Remembrance – Emily Bronte – analysis

Remembrance

Cold in the earth—and the deep snow piled above thee,
Far, far removed, cold in the dreary grave!
Have I forgot, my only Love, to love thee,
Severed at last by Time’s all-severing wave?

Now, when alone, do my thoughts no longer hover
Over the mountains, on that northern shore,
Resting their wings where heath and fern-leaves cover
Thy noble heart forever, ever more?

Cold in the earth—and fifteen wild Decembers,
From those brown hills, have melted into spring:
Faithful, indeed, is the spirit that remembers
After such years of change and suffering!

Sweet Love of youth, forgive, if I forget thee,
While the world’s tide is bearing me along;
Other desires and other hopes beset me,
Hopes which obscure, but cannot do thee wrong!

No later light has lightened up my heaven,
No second morn has ever shone for me;
All my life’s bliss from thy dear life was given,
All my life’s bliss is in the grave with thee.

But, when the days of golden dreams had perished,
And even Despair was powerless to destroy,
Then did I learn how existence could be cherished,
Strengthened, and fed without the aid of joy.

Then did I check the tears of useless passion—
Weaned my young soul from yearning after thine;
Sternly denied its burning wish to hasten
Down to that tomb already more than mine.

And, even yet, I dare not let it languish,
Dare not indulge in memory’s rapturous pain;
Once drinking deep of that divinest anguish,
How could I seek the empty world again?

Emily Bronte

Eight four line stanzas with rhyming scheme abab. It is regarded as iambic pentameter though the lines vary in syllables – so iambic pentameter with variations …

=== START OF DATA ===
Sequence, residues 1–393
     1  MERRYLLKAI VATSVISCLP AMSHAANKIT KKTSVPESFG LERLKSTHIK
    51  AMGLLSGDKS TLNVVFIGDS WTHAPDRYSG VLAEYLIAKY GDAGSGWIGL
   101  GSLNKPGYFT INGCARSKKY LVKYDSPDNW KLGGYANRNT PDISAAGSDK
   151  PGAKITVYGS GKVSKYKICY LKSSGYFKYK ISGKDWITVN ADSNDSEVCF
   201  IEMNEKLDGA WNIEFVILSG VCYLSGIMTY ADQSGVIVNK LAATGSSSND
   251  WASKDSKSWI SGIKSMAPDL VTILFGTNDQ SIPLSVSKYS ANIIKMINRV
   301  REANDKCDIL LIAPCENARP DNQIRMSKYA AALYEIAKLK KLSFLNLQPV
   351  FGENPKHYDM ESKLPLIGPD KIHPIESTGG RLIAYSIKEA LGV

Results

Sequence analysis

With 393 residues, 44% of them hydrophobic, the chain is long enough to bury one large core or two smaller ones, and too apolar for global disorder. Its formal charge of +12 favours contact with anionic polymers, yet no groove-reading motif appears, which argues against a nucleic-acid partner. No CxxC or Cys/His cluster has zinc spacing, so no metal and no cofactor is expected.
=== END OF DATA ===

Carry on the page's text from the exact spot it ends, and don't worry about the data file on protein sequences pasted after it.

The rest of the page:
And, even yet, I dare not let it languish,
^ ^^ ^ ^ / ^ ^ ^ ^ ^^ = 11
Dare not indulge in memory’s rapturous pain;

Once drinking deep of that divinest anguish,
^ ^^ ^ ^ / ^ ^^^ ^^ = 11
How could I seek the empty world again?
^ ^ ^ ^ ^ / ^^ ^ ^^ = 10

Emily Bronte wrote the poem for the heroine in the ‘Gondal’ story she created with her sister Anne – so it doesn’t relate to any personal event in her life.

C. Day Lewis stated that the effect of the rhythm in ‘Remembrance’ is ‘extremely powerful, extremely appropriate’ and that ‘it is the slowest rhythm he knew in English poetry, and the most sombre.’

It is certainly a slow and sombre lamentation. It also uses repetition to remain caught in any forward movement as in – cold in the earth in the opening line of stanza 1 and stanza 2. And in stanza 5 – All my life’s bliss from thy dear life was given, / All my life’s bliss is in the grave with thee, also the repeat of dare not in the last stanza.

The last stanza indicates a moving on and a more positive ending than remaining wallowing in the grave of another.

I think one syllable words lend themselves to a slow rendition (e.g. cold, snow, slow). Consider – the old train moves down the track – by a slow reading we can give the impression that the train is moving slowly.

To digress, consider these two lines …
Quick Mick do it – a case of not labouring the words and joining ‘do’ and ‘it’ as one.
John shook hands with great aunt Jo – difficult not to take your time when reading. If aunt Jo is old and feeble John would have to take his time when shaking hands!

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